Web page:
Category: Professional Posters
Purpose: Stroke is increasingly recognized as being a major cause of loss of autonomy and achievement of quality of life. The impact of stroke on health-related quality of life may be significant. It can affect multiple domains in life and lead to disastrous consequences- neurological disorders such as physical limitations including long-term disability or fatigue, and/or cognitive and psychological issues such depression or anxiety.The objective of the study was to assess these consequences in the Lebanese community, hence evaluate the participants’ quality of life post-stroke using various validated scales.
Methods: A descriptive study was conducted from January to May 2019 among 100 Lebanese surviving stroke patients previously diagnosed in Beirut and Mount Lebanon hospitals. Telephone interviews were made using a well-structured questionnaire written in Arabic. The questions were answered by the patients themselves or by their relatives or caregivers. They addressed the socio-demographic and socio-economic characteristics as well as drug therapy. Functional status was determined using the Modified Rankin Scale (MRS), while fatigue was assessed using the Fatigue Severity Scale (FSS). The Hamilton Anxiety Scale (HAM-A) and The Hamilton Depression Scale (HAM-D) were used to determine the presence of anxiety and depression respectively. Health related quality of life was assessed using the Short Form Health survey (SF-12).
Results: Among participants,48.8% of questionnaires were answered by the patients themselves and 51.2% by caregivers. The mean age at stroke was 71 ± 11.2. The majority of patients were men (57%), married (55.2%), with primary/complementary education level (34.7%); 44.7% were without any professional activity. Moreover, 59.2% of patients working before the occurrence of stroke didn’t stop practicing afterwards. In addition, 55.3% of the caregivers who filled the questionnaire were aged between 40 and 60 years old with 47.2% having completed university education. The medications taken post-stroke by patients were anti-hypertensives (93%), anti-diabetics (51%), statins (70%) with the majority (50.8%) on atorvastatin, antiplatelets (81.8%) with 70.1% on aspirin and 46.5% were taking anticoagulants with 52.3% onrivaroxaban. Furthermore, regarding physical limitations, 27.3% of patients showed moderately severe disability as assessed by the MRS and 67.3% suffered from fatigue. As for mental health, according to HAM-A, 84.8% of patients ha d mild anxiety; 28.2%, 20% and 15.3% of participants showed mild, mild to moderate and moderate to severe depression respectively as assessed by the HAM-D scale. In addition, both Mental and Physical Health Composite Scales were below the national norm-32 .0± 11.9 and 46.3± 11.5 respectively- indicating poor overall health related quality of life.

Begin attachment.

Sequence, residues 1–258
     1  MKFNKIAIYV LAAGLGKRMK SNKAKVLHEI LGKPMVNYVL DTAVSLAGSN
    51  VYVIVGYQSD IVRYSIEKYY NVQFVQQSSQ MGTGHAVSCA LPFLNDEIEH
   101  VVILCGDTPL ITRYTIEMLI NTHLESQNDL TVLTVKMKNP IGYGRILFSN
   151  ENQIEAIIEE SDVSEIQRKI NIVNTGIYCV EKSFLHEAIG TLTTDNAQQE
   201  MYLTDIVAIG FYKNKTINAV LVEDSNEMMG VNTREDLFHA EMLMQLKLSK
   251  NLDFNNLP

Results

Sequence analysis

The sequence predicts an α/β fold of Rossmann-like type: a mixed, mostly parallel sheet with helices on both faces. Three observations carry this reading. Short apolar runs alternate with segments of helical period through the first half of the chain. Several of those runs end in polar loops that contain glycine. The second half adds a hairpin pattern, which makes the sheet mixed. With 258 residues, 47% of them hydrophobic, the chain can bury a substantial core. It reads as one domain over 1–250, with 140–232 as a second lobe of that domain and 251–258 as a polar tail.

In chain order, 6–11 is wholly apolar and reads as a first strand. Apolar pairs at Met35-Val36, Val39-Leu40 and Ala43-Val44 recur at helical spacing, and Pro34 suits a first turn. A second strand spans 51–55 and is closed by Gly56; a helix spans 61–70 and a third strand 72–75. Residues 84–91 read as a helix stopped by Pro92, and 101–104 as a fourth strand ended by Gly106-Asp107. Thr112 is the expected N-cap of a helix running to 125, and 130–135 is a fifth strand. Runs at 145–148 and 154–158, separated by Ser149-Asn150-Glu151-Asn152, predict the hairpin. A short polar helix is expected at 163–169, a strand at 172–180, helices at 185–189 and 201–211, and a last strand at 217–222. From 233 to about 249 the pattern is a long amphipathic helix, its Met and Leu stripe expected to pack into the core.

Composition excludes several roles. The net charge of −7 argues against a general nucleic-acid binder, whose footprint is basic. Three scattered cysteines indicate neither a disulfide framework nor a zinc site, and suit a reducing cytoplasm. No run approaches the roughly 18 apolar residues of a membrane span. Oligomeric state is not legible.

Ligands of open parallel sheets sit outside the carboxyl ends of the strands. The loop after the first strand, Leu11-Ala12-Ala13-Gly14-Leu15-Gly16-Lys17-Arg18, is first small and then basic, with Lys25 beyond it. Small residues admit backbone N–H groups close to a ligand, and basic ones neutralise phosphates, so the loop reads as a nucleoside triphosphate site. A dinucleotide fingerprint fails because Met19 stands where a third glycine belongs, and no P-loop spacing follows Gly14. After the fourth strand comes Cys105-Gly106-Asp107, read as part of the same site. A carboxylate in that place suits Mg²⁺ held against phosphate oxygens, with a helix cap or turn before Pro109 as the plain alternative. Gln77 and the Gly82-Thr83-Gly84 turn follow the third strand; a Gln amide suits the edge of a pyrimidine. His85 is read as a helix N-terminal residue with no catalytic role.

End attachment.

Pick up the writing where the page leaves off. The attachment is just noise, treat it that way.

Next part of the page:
Conclusion: The present study showed an important impact of stroke on health related quality of life among Lebanese stroke survivors. Early identification of the above mentioned contributing factors could promote better interventions for individuals with ischemic stroke, minimizing disabilities and improving quality of life.